Ipso rejects complaint against The Irish News
THE Independent Press Standards Organisation (Ipso) has rejected a complaint against The Irish News over stories linked to the Boston College oral history project.
Ed Moloney, a journalist who oversaw the project, complained to the new regulator that the newspaper had breached the editors’ code of practice in three articles published in February 2015.
The first two articles, by security correspondent Allison Morris, reported that Winston Rea, a former Red Hand Commando leader, had sought to stop police from gaining access to interviews he had recorded as part of the Boston College project, and that during the interviews he had given details about the 1999 murder of fellow loyalist Frankie Curry.
The third article, which reported that Rea had secured an order temporarily preventing seizure of the tapes, included a quote from Mr Moloney which said Rea had not discussed Curry's death or mentioned him during his interview.
Mr Moloney complained that the newspaper had inaccurately reported that Curry was mentioned in Rea's interviews and that the reporter had not attempted to contact him. He also complained that a letter he sent to the newspaper had not been published in full.
However, Ipso decided not to uphold the complaints.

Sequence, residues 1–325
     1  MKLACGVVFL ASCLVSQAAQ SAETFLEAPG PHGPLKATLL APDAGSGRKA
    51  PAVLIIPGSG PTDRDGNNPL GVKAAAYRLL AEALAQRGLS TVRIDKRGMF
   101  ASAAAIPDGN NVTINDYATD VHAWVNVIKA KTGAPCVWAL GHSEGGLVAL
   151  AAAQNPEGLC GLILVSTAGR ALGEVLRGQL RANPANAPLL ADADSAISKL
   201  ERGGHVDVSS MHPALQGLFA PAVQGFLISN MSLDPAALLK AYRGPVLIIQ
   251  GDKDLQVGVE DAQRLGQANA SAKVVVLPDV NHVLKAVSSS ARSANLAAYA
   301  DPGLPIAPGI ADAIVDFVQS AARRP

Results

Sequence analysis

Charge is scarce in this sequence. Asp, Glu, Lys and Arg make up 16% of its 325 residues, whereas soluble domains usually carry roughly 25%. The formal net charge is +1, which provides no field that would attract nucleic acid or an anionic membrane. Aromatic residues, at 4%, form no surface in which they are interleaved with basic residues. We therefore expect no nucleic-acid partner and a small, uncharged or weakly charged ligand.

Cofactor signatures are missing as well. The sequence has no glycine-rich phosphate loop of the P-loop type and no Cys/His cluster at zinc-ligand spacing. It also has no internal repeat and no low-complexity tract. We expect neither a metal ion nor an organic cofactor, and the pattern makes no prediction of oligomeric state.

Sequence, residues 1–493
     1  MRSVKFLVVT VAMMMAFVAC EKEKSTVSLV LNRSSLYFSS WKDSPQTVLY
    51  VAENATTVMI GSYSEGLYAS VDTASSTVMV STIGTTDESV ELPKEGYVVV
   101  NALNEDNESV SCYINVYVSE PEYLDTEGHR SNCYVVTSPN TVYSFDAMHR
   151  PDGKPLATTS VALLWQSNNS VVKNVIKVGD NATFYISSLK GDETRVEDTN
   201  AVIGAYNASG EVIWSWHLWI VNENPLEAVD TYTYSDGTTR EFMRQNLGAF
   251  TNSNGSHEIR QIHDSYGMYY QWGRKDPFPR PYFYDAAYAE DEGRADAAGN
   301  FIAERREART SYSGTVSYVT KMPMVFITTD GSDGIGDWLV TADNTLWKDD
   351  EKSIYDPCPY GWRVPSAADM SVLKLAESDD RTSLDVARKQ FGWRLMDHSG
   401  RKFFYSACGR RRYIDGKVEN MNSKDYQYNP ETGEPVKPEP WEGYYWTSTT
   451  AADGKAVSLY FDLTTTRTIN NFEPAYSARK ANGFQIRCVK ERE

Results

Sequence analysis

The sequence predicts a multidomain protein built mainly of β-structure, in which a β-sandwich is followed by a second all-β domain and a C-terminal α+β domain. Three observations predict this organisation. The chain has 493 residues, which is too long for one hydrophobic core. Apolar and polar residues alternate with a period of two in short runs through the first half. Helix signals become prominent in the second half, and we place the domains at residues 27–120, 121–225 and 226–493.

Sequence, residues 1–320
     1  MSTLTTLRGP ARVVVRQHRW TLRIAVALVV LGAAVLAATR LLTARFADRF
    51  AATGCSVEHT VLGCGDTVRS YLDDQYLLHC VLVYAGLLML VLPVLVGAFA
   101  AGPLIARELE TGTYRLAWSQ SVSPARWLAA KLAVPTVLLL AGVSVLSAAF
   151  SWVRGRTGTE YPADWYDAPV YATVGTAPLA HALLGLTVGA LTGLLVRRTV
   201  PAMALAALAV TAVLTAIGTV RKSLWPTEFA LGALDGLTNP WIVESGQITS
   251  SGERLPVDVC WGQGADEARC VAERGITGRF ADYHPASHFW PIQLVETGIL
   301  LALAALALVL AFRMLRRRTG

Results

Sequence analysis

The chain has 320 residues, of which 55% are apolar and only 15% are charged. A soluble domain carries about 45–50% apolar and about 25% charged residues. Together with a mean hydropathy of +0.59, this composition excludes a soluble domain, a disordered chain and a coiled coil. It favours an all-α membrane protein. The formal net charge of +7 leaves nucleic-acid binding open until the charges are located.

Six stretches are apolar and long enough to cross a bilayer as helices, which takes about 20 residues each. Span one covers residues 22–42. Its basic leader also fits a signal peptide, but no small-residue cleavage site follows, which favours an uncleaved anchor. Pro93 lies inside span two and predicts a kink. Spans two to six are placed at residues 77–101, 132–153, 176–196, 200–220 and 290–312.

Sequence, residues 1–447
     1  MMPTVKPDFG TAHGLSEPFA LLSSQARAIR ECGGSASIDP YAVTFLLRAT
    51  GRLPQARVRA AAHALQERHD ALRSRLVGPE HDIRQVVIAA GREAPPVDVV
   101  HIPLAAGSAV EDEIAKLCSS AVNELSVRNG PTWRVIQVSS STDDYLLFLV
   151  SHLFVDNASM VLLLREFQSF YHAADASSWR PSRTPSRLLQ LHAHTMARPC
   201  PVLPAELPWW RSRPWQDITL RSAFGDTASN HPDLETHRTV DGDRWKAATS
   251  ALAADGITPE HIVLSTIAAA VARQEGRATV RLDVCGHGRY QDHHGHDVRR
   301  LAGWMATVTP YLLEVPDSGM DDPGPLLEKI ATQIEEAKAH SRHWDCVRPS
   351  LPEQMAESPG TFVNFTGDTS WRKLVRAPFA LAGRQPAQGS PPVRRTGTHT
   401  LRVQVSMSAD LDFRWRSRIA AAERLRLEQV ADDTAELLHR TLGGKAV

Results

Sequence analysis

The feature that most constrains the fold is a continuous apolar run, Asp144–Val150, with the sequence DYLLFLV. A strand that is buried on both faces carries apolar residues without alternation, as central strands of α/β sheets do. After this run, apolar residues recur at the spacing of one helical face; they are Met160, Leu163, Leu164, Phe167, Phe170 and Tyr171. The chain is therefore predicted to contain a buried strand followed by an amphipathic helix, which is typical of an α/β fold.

It found that the allegation that Rea had referred to the murder of Curry in his interview was presented as the newspaper’s “understanding” of the tape’s contents, based on information from its confidential sources.
It noted that since Mr Moloney had been unable to disclose what Rea had spoken about during the recordings, due to confidentiality agreements, it was unable to establish that the newspaper had created a "significantly misleading impression" of the tapes’ contents.
When asked to comment on the ruling, Mr Moloney said last night: "This disgraceful and illogical judgement is confirmation that Ipso is the newspaper proprietors' poodle. It should be boycotted until a truly independent monitoring body is established."
Irish News editor Noel Doran said: "It is striking that Mr Moloney, who brought the case to Ipso in the first place, is now calling for a boycott of that body. For our part, we strongly welcome the comprehensive adjudication from Ipso, which plainly represents a complete vindication of the important work of our valued colleague Allison Morris and indeed the overall coverage of the paper."